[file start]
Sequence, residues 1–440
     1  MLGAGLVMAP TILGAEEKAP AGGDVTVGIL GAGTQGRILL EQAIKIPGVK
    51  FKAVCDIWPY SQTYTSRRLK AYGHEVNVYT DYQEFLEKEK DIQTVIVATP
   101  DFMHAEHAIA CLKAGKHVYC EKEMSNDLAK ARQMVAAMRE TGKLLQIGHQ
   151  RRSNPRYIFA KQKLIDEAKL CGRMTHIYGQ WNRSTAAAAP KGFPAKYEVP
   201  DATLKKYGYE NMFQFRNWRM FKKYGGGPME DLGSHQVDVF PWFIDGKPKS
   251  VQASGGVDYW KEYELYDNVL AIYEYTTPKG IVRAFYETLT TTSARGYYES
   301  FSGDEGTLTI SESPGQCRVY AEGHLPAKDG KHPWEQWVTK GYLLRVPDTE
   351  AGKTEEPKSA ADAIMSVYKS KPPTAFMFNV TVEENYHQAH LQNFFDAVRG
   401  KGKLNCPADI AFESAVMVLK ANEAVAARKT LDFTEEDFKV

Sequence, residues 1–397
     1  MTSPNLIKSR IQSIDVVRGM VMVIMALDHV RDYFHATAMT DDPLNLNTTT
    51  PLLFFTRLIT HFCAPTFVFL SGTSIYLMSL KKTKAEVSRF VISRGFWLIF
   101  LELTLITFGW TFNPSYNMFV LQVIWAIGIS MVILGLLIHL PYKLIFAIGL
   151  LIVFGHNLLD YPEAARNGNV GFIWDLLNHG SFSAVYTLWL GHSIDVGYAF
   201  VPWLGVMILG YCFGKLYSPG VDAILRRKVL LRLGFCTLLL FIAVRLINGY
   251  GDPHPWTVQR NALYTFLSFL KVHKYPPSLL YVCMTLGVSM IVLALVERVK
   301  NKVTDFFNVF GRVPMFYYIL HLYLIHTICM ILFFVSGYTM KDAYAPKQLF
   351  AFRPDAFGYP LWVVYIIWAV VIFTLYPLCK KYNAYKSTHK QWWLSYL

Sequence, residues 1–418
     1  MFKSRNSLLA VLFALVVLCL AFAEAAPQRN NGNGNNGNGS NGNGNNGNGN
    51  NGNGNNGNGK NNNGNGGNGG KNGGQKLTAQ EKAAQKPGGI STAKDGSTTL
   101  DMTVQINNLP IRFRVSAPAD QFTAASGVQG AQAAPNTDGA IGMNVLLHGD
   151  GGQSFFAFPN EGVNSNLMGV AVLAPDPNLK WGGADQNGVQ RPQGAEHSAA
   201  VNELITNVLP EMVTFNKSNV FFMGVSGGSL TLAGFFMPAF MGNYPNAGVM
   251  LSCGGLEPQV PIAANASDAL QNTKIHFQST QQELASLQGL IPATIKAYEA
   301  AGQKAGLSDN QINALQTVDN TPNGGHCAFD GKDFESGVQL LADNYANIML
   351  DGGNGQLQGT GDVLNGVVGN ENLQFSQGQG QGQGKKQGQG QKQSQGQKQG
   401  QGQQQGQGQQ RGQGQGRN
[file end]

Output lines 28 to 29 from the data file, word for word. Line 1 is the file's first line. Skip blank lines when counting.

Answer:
   351  DGGNGQLQGT GDVLNGVVGN ENLQFSQGQG QGQGKKQGQG QKQSQGQKQG
   401  QGQQQGQGQQ RGQGQGRN